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The loft where Ian Hammond and his flatmates live in central Wellington could be one of the last of its kind.
It isn’t a swanky penthouse in a modern new-build, but it has views of the harbour, is close to the city centre, and has bags of character, which is perfect for its current inhabitants – six flatmates who all work in creative industries.
“This is one of the surviving loft spaces,” says Ian. “I don’t think you would find anything else like this in the city.”
With its great location – it’s in Wakefield Street opposite the New World supermarket – affordable rent, and welcoming living space, it suits the group of mostly late twenty-somethings to a tee.
It is a creative urban hub, a long-running flat that has generated many a party tale and many an urban myth. The flat’s history includes rooftop terrace parties and craft nights that were only a little bit competitive, says a former flatmate.
Ian is the longest-standing flat-mate. Originally from Raumati, he moved to Wellington ten years ago. As a design graduate from Toi Whakaari, he moved into the flat five years ago.
“My flatmates have changed over that time. People have come and gone, but that’s the way in Wellington – it is a really transient place. I’ve been collecting my friends along the way.”
Other current occupants include Chris Ulutupu, Emma Ransley, Daniel Whittaker, Jayne Paterson O’Connell and Meg Rollandi.
“Ian has paved the way,” says Emma. “The group is settling now, we’ve all been here for at least a year.”
The flat has a large living space, a small but functional kitchen, and five bedrooms off a corridor at the back of the living area. Couple Emma and Dan share a room, and have recently built in a mezzanine to give them more space. “We’ve done a lot to the place,” says Ian.
Some of the rooms are quite small (Ian believes that part of his bedroom used to be a lift shaft), but the flatmates spend most of their waking, non-working, hours in the open-plan living area, which has the typical loft apartment feel.
Thanks to three large windows at the front of the building, it is light and airy. It has wooden floorboards, painted brick walls and a high ceiling with exposed A-frame rafters.
The living area serves as a lounge, dining room and place for them all to work. It has eclectic furniture and a quirky, retro feel. Even with six people living there, it does not feel at all cluttered.
Ian and Emma made the coffee table from an old pallet they found on the doorstep. Another wooden table, currently serving as a desk for two people, was designed and made by Emma and Dan who are establishing their own furniture company, The River.
“The table will be part of our first collection, which we’ll launch in November,” says Emma, “it’s the prototype so it won’t stay here in the flat.” Emma studied business and design and Dan has been a builder, so it’s a perfect collaboration.
“It speaks to our ethos,” says Emma. “We don’t just work on one thing. We have our jobs which sustain us, but do lots of other creative things as well.” At the end of the large dining table, which is complemented by mismatched seventies chairs, there is a blackboard wall, which can be used to paint murals when the inspiration strikes. “We went through a phase of having a different mural a week, but haven’t used it so much recently,” Ian says.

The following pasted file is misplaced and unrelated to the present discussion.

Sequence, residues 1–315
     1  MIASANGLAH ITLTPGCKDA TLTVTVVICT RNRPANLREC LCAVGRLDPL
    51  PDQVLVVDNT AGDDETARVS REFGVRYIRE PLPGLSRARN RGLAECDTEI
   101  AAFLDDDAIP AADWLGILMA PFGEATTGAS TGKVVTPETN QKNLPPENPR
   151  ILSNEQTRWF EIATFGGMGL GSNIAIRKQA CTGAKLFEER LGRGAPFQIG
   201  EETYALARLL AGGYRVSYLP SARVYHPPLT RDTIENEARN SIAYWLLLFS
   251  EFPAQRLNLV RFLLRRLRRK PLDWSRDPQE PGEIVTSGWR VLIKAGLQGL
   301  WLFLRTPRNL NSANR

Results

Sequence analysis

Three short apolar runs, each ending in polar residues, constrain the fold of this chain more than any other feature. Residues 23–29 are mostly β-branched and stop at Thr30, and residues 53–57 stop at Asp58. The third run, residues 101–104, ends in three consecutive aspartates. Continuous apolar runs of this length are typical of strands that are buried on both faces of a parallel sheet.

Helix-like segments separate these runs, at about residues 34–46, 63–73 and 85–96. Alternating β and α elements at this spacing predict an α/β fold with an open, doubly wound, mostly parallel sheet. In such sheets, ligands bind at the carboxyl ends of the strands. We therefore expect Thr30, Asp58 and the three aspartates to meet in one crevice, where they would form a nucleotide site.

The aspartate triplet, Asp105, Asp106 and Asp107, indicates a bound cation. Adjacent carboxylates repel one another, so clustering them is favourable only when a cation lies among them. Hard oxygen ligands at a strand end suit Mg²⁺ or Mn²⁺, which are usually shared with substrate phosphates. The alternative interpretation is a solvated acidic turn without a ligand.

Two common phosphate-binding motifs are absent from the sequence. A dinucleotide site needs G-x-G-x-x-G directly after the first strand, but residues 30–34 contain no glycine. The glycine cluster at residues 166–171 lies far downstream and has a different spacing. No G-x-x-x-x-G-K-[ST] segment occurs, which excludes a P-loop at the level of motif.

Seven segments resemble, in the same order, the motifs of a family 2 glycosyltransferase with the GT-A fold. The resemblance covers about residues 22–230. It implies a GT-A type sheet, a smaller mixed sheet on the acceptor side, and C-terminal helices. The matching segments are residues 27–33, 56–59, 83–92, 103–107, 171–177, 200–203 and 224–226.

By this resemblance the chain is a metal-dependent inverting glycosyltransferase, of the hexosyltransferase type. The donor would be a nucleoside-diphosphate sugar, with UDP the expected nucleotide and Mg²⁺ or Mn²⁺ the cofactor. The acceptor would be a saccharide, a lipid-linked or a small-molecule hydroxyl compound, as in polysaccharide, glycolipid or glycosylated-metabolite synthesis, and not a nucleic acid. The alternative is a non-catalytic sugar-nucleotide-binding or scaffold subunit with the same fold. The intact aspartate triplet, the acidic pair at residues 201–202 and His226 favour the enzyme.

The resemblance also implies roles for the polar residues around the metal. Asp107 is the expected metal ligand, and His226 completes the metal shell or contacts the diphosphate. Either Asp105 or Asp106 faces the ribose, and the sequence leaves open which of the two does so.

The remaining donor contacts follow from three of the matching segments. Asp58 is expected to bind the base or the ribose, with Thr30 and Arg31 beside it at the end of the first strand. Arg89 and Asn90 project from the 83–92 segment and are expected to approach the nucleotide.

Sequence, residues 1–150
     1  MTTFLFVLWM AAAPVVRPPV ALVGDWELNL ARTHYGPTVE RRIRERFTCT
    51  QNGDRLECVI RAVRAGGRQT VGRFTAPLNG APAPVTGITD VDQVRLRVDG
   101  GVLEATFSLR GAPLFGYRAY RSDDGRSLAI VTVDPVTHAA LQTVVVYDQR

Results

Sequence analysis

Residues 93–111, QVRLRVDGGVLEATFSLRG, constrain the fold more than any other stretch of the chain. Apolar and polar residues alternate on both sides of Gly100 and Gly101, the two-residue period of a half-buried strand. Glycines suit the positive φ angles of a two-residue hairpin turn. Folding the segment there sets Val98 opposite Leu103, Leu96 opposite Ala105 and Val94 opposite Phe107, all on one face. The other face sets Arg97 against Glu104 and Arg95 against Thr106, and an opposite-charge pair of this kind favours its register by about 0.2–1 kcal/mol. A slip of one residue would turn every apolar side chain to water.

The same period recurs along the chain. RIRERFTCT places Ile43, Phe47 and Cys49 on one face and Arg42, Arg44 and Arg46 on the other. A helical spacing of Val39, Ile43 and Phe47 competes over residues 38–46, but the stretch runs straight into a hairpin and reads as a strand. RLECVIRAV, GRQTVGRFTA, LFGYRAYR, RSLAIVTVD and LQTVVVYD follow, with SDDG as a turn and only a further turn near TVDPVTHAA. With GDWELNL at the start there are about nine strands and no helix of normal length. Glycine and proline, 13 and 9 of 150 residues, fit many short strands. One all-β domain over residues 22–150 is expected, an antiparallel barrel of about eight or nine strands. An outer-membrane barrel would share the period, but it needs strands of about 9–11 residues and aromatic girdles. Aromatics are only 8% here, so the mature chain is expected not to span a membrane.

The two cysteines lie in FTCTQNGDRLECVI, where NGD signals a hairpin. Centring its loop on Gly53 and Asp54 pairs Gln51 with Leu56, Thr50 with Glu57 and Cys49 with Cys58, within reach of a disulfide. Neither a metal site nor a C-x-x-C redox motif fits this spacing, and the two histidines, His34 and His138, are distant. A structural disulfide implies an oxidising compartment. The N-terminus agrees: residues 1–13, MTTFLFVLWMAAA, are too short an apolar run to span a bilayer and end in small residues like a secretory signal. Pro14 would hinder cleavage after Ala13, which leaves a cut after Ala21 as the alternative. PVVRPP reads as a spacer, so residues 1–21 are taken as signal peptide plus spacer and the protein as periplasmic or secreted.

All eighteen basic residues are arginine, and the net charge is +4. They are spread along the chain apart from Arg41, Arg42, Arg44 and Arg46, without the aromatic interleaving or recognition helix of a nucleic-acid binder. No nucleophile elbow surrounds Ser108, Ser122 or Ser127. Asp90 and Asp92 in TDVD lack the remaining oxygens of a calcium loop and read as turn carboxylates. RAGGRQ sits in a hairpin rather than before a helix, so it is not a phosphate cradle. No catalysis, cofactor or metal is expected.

All of the flatmates work in the same industry, but in different areas. Jayne is an account manager for Springload web design; Chris is completing his master’s in fine arts at Massey; Meg is an artist and designer; Emma is a design tutor at Toi Whakaari. Daniel, who is studying early childhood education, is also a musician – he’s a member of local band Glass Vaults – and a furniture designer.
Ian, who has built up quite a CV in performance design in the capital, including working as the audio-visual designer for the wearable art show, now plans to move into web design and is studying for a post-graduate diploma in graphic design at Yoobee while working part-time at TradeMe.
“One of the bonuses of working with people in the same area is that we all understand the industry and can help each other out,” says Ian. “There is always something interesting going on here.”
It has been known for all of them to come together to help out a flatmate on a project, and impromptu gig nights have also happened when Glass Vaults have needed somewhere to practice.
And, of course, it is an ideal space for parties. “We like to have themed parties and take the decoration quite seriously,” says Ian. He and Emma reel off a list of themes they have used, including a Doppelganger party, a British theme, cross-dressing, and Ian’s favourite, his dinosaur birthday party. “There were some amazing costumes,” he says.
Now that Ian is tiptoeing into his thirties, he says that people ask him when he is going to move out and live on his own. “I love living here, it’s great. I like being surrounded by other creative types – it inspires me. I’d be very sad to leave this flat.”
And when you live in a place which makes you feel good, with people who inspire you, and is a two-minute walk to Wellington’s waterfront, really, why would you?